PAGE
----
this sort of micro-inspection translated well to EVE and if Dr.
EyjóG was going so far as to analyze the economics within a
corporation or an alliance. "Right now we're really looking at it from
a broad perspective," he said. "But as we get more universities and
people that want to do research on the EVE economy, the more greater
the level of focus on particular player groups in the game."
Luckily, Valerie Massey, the PR and communications director for CCP,
informed us that they weren't lacking for people that were interested
in doing research on the EVE universe. "We've had so many inquiries
that we have been sorting through them and picking the universities
that seem more appropriate," she said.
Despite the intense analysis that Dr. EyjóG has been giving
the economics in EVE, he wasn't particularly interested in immediately
jumping into the game world and adjusting resources and good prices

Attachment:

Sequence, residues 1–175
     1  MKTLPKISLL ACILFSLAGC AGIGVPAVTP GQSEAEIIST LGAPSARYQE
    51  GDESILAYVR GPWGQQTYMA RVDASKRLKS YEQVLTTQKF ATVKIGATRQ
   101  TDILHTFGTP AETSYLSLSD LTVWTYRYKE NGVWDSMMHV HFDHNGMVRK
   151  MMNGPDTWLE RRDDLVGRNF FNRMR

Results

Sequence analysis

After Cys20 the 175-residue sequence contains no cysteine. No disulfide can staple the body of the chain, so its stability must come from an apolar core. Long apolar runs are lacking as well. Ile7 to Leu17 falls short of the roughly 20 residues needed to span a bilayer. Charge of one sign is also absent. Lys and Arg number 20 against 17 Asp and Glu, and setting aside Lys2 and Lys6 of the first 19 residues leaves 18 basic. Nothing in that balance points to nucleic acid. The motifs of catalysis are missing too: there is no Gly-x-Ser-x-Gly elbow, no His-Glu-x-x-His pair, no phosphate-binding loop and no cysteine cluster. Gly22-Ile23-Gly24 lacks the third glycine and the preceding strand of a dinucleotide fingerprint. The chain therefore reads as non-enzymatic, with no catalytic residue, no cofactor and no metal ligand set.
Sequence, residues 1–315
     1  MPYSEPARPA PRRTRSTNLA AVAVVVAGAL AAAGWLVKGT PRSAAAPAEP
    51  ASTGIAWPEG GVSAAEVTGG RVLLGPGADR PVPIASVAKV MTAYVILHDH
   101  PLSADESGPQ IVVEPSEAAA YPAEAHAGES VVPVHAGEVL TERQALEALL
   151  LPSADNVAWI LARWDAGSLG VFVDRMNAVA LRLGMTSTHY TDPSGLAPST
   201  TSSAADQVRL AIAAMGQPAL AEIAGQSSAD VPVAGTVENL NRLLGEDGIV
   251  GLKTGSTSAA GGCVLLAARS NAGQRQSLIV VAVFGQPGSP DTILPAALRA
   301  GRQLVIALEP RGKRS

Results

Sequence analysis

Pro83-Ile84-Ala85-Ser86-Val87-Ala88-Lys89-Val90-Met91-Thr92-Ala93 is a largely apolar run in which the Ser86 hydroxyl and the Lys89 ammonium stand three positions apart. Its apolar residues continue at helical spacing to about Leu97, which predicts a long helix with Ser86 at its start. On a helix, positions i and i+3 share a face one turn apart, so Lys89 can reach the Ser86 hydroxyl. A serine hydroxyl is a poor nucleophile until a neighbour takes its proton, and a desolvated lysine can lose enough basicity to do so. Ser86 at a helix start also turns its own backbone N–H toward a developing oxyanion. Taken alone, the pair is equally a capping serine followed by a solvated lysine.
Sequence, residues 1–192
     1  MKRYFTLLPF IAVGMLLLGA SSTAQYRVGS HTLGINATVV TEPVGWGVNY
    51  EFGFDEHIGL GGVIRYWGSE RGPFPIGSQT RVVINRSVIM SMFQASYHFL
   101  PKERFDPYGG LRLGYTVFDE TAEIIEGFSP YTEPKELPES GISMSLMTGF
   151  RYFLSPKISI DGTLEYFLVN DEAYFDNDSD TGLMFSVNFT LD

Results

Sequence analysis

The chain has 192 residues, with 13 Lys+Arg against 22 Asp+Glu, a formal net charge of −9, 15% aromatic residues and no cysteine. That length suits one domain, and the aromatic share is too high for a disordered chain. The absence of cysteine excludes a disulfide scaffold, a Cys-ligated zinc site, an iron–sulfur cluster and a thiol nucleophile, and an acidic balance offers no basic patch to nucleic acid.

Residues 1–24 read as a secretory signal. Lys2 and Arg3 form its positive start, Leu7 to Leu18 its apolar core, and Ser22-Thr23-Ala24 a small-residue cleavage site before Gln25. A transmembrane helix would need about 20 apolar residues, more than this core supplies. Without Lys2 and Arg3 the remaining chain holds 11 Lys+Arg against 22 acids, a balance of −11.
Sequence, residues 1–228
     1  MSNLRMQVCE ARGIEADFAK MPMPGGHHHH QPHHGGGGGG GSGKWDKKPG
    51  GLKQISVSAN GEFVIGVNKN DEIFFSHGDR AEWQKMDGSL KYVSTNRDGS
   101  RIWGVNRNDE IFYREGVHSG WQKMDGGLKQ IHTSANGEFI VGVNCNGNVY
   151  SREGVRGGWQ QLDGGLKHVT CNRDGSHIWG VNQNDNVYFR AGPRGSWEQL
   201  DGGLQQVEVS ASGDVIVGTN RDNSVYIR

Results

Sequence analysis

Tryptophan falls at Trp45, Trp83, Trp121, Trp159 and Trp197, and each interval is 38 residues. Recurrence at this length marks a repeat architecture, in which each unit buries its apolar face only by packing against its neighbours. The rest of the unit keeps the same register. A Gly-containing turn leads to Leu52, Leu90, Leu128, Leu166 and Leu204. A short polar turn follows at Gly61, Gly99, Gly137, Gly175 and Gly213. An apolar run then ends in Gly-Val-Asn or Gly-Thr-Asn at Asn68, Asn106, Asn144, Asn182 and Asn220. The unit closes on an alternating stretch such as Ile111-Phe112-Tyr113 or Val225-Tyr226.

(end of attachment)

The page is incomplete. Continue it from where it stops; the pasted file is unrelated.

artificially. Like the rest of the EVE development, he's taking the
laissez-faire approach and letting the players drive the economy. "We
try to keep our hands off of things from A to Z," Dr. EyjóG
said. " We wanted to stay out of it as much as we possibly can. What
I'm looking at right now is more in terms of future planning."
"For example, the players have been discussing advanced financial
systems," Dr. EyjóG continued. "They've been starting things
like banks all by themselves. The problem is, however, that there's a
lack of trust in the current arrangement." And that distrust is
rightfully there, as the last person to set up a really prolific
banking system ran off with 790 BILLION ISK. News agencies like Cnet picked
up on the story and ran it with the rest of their tech news,
which shows just how unique the EVE Online world is compared to other
games of a similar nature.
One of the many
But even with that bank theft, the CCP team is totally understanding to